Carrier wave

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In telecommunications, a carrier wave, or carrier is a waveform (usually sinusoidal) that is modulated (modified) with an input signal for the purpose of conveying information.[1] This carrier wave is usually of much higher frequency than the input signal. The purpose of the carrier is usually either to transmit the information through space as an electromagnetic wave (as in radio communication), or to allow several carriers at different frequencies to share a common physical transmission medium by frequency division multiplexing (as is used in, for example, a cable television system).

Frequency modulation (FM) and amplitude modulation (AM) are commonly used methods to modulate the carrier. In the case of single-sideband modulation (SSB) the carrier is suppressed (and in some forms of SSB eliminated). The carrier must be reintroduced at the receiver by a beat frequency oscillator (BFO).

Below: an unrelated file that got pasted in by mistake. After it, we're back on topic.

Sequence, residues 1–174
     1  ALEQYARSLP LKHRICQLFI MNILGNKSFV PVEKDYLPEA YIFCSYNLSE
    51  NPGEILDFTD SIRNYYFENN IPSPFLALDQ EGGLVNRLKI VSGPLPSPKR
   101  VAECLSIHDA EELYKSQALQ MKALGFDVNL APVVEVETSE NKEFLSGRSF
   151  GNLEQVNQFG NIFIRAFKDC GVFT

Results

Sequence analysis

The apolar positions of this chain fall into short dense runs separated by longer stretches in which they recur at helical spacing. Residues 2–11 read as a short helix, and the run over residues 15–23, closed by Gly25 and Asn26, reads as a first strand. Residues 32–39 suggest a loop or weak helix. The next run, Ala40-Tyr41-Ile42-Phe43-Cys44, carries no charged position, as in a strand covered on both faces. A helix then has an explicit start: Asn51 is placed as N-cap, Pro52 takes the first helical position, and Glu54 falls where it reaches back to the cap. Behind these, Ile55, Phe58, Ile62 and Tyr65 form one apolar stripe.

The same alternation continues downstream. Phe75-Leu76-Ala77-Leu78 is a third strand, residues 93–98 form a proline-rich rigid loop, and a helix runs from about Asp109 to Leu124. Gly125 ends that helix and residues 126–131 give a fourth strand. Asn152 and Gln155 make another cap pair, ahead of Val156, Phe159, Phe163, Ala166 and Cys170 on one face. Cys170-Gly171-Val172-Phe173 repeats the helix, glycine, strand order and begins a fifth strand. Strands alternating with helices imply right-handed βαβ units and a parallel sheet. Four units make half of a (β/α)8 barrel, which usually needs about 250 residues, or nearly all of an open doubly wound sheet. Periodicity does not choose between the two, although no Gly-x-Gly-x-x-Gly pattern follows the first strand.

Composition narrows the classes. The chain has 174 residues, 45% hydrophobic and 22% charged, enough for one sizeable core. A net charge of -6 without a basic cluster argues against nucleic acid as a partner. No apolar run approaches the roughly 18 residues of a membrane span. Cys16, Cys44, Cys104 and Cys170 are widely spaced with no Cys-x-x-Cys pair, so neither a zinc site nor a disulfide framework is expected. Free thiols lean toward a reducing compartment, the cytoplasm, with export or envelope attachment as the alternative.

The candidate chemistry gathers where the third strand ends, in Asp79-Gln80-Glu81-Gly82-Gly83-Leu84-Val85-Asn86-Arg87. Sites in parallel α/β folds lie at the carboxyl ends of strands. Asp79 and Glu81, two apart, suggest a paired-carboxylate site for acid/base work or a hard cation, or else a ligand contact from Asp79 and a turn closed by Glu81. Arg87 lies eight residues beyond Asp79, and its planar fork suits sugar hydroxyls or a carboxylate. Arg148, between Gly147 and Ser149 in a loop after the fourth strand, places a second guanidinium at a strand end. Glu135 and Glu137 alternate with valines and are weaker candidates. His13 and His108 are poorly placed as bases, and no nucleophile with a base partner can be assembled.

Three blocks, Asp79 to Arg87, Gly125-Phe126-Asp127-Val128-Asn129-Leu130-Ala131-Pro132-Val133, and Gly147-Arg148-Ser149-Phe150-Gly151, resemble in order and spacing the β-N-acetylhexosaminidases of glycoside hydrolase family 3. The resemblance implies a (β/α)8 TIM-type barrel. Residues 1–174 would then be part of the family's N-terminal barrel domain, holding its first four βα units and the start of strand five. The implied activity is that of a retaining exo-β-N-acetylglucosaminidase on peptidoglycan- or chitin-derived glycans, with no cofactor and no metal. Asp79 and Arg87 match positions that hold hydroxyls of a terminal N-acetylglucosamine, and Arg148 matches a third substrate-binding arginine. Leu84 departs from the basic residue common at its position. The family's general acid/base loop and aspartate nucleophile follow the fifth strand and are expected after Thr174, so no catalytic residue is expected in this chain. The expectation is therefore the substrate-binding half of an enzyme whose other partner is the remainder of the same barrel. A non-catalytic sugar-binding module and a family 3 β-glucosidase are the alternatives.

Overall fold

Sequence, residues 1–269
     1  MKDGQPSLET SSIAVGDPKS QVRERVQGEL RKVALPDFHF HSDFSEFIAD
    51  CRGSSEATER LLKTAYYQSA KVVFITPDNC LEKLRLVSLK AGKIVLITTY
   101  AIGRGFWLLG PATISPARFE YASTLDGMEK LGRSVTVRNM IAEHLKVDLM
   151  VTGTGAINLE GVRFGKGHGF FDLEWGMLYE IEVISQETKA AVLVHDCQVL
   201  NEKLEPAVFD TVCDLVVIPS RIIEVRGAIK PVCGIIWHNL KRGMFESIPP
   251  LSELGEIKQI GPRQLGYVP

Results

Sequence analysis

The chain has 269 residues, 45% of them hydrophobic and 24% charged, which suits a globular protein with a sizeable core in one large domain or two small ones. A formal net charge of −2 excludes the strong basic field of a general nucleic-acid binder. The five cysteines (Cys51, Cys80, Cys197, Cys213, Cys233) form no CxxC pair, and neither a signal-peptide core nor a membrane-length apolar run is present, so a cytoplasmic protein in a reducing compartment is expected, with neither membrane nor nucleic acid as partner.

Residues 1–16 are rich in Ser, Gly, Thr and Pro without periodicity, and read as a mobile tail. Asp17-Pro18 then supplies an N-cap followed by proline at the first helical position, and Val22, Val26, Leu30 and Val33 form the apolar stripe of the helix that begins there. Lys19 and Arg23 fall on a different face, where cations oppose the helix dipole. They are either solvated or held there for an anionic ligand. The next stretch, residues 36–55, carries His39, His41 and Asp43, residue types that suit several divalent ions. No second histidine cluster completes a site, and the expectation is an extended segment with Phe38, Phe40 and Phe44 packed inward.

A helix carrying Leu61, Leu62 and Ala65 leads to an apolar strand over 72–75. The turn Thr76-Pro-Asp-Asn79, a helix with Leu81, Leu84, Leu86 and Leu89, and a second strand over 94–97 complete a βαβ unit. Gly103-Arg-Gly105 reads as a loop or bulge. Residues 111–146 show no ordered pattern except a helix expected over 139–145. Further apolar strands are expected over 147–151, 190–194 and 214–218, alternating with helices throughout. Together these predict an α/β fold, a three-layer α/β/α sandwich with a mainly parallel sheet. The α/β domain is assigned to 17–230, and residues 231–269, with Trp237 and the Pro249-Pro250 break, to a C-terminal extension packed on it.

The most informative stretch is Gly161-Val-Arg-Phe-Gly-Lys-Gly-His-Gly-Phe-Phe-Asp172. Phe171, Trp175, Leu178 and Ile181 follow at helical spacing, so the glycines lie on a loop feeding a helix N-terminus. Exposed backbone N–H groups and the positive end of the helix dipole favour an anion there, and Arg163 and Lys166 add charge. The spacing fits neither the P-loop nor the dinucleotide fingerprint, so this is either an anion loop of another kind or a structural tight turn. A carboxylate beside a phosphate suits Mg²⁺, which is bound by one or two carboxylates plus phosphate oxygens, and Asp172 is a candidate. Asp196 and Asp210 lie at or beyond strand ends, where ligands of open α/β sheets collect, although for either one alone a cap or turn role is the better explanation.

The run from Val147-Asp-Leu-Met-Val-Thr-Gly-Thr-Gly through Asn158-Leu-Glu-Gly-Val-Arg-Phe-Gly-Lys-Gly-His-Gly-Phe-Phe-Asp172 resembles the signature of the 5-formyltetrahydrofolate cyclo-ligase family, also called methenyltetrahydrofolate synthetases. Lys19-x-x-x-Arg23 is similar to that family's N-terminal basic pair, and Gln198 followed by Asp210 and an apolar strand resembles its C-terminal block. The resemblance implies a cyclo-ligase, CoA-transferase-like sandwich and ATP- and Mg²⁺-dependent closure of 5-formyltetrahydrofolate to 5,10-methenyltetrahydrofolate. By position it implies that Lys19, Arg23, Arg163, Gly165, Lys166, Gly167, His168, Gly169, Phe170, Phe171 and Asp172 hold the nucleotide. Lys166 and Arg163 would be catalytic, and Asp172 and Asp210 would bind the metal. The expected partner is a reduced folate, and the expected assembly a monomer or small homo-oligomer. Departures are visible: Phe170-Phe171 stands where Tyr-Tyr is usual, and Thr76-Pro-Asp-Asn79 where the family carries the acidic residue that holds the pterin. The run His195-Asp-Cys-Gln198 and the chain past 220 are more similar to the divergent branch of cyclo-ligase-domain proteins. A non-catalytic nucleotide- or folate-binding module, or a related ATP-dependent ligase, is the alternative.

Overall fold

The frequency for a given radio or television station is actually the carrier wave's center frequency.


Definition of carrier waves

In telecommunication, the term carrier (cxr) or carrier wave has the following meanings:

Carrierless modulation systems

Newer forms of radio communication, such as spread spectrum and ultra-wideband, do not transmit a conventional carrier wave, nor does OFDM, which is used in DSL and in the European standard for HDTV.

  • OFDM should be thought of as an array of symmetrical carrier waves. The rules governing carrier wave propagation affect OFDM differently than 8VSB.
  • Some forms of spread spectrum transmission and most forms of ultra-wideband transmission are mathematically defined as being devoid of carrier waves. Transmitter implimentatations typically produce residual carriers that may or may not be detectable or transmitted.

See also

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